Nvidia is one of the leading designers of chips used for artificial intelligence (AI) and machine learning (ML) acceleration. Therefore it is apt that it looks set to be one of the pioneers in applying AI to chip design. Today, it published a paper and blog post revealing how its AutoDMP system can accelerate modern chip floor-planning using GPU-accelerated AI/ML optimization, resulting in a 30X speedup over previous methods.
AutoDMP is short for Automated DREAMPlace-based Macro Placement. It is designed to plug into an Electronic Design Automation (EDA) system used by chip designers, to accelerate and optimize the time-consuming process of finding optimal placements for the building blocks of processors. In one of Nvidia’s examples of AutoDMP at work, the tool leveraged its AI on the problem of determining an optimal layout of 256 RSIC-V cores, accounting for 2.7 million standard cells and 320 memory macros. AutoDMP took 3.5 hours to come up with an optimal layout on a single Nvidia DGX Station A100.
Macro placement has a significant impact on the landscape of the chip, “directly affecting many design metrics, such as area and power consumption,” notes Nvidia. Optimizing placements is a key design task in optimizing the chip performance and efficiency, which directly affects the customer.
On the topic of how AutoDMP works, Nvidia says that its analytical placer “formulates the placement problem as a wire length optimization problem under a placement density constraint and solves it numerically.” GPU-accelerated algorithms deliver up to 30x speedup compared to previous methods of placement. Moreover, AutoDMP supports mixed-sized cells. In the top animation, you can see AutoDMP placing macros (red) and standard cells (gray) to minimize wire length in a constrained area.
We have talked about the design speed benefits of using AutoDMP, but have not yet touched upon qualitative benefits. In the figure above, you can see that compared to seven alternative existing designs for a test chip, the AutoDMP-optimized chip offers clear benefits in wire length, power, worst negative slack (WNS), and total negative slack (TNS). Results above the line are a win by AutoDMP vs the various rival designs.
AutoDMP is open source, with the code published on GitHub.
Nvidia isn’t the first chip designer to leverage AI for optimal layouts; back in February we reported on Synopsys and its DSO.ai automation tool, which has already been used for 100 commercial tape-outs. Synopsys described its solution as an “expert engineer in a box.” It added that DSO.ai was a great fit for on-trend multi-die silicon designs, and its use would free engineers from dull iterative work, so they could bend their talents towards more innovation.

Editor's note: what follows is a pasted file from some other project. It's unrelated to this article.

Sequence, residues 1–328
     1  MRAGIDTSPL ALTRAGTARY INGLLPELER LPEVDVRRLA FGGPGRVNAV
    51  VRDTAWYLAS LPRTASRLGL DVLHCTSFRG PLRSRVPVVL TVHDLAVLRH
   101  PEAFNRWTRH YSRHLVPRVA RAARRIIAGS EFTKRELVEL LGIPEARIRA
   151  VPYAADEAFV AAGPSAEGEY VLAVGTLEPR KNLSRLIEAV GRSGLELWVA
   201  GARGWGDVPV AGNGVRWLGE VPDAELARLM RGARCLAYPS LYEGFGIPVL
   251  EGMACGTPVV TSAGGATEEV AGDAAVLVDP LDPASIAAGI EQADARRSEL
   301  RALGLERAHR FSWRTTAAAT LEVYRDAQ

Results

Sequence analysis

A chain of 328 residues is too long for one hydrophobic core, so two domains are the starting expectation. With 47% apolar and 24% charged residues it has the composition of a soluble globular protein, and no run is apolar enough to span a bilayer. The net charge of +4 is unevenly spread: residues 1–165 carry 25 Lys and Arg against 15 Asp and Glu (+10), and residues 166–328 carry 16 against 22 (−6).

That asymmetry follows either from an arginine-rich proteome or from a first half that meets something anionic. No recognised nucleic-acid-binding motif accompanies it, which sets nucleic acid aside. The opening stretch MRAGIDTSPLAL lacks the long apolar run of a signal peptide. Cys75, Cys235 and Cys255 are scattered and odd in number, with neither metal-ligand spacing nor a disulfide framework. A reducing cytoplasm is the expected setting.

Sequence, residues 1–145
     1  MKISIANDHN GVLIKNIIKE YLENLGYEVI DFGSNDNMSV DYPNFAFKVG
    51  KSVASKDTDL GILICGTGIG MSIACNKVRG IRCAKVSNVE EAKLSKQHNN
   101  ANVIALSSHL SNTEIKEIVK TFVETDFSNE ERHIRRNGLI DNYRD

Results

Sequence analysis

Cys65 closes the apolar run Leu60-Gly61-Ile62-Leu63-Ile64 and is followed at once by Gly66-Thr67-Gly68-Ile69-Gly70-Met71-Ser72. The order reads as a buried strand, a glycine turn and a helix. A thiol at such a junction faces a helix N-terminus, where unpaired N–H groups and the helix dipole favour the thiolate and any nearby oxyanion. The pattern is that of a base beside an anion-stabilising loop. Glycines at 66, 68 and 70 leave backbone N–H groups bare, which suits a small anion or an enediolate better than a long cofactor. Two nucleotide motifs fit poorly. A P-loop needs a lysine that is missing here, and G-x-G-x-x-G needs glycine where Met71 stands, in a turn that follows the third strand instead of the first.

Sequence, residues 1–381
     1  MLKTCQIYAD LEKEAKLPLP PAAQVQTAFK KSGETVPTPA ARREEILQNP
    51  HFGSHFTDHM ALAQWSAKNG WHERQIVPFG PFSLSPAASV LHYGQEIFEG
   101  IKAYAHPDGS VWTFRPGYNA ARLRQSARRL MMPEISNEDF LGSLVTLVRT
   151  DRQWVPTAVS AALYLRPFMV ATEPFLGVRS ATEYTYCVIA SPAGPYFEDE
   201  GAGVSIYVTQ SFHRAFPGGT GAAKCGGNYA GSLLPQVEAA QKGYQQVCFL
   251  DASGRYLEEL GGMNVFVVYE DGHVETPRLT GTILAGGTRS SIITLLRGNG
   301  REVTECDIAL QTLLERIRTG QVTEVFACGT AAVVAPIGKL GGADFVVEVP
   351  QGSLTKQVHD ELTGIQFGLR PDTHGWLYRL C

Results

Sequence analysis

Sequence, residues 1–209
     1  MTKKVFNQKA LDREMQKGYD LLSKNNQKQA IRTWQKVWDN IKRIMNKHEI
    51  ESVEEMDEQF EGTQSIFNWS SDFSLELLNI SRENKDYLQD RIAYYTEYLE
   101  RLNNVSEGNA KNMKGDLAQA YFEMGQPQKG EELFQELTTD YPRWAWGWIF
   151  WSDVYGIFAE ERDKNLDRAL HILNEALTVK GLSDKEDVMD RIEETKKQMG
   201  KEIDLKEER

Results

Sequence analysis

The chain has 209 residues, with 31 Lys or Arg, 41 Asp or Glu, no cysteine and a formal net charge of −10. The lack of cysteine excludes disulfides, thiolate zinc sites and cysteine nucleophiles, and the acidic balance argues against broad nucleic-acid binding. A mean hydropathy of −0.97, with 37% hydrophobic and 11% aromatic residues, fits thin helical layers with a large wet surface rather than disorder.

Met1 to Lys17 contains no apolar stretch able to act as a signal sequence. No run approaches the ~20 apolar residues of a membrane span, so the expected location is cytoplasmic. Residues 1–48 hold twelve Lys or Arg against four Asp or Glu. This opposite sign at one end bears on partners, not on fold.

Judging from the 30- and not the 40- generation of Nvidia GPU's their AI isn't working since their products have not gotten cheaper and efficiency isn't like revolutionary either.
Or maybe it is because they have used AI to improve their pricing, as in how they make more money for each GPU they sell.
Before any one buys then do your self a favor, look at what AMD and Intel is bringing in terms of GPU's and make sure to notice the current prices rather than those from the launch reviews (and note also that DLSS and FSR is damn close to equal in many situations).
I hate Nvidia right now just as much as the next gamer, but their 40 series chips are the most efficient GPU's on the market. The 4090 might not seem that way with the stock power limit, but that's because Nvidia was worried about AMD before launch and pushed the power limit WAY past it's efficiency curve. With the power limit set to just under 300W, it only loses about 5-10% performance. That makes it more than twice as efficient as the 3080 from last gen, and MUCH more efficient than the 3090. It's also much more efficient than the 7900XTX at that wattage, while having more performance. That said, I don't recommend anyone buy current gen GPU's. With Nvidia charging $800 for what essentially should've been the 4060, and AMD not having a high enough jump in performance over last gen and moving a GPU up the stack to charge more, buying them is telling them the prices are okay. As much as I hate Intel for all their anti consumer practices, I really hope they succeed. Nvidia and AMD need competition to put them in their places.
Because size costs money, the dilemma is that you cannot have a GPU that's both cheap and efficient. However, as we've seen in the past, die size is not a perfect predictor of performance, so I don't mean to say that architecture doesn't matter. However, a bigger, lower-clocked GPU will generally tend to be more efficient.
When comparing die size, I'm assuming the GPUs in question are on a comparable process node.
When comparing efficiency, I'm assuming the GPUs in question are at comparable performance levels. If you're willing to throw performance out the window, you can obviously make a very efficient GPU.
To understand where/how they used "AI" in the process - exactly what they mean by that - you'd have to read their paper or perhaps just the blog post linked from the article. Unfortunately, those links aren't working for me (I get a "bad merchant" error). So, I've gone to their site and found the links for myself: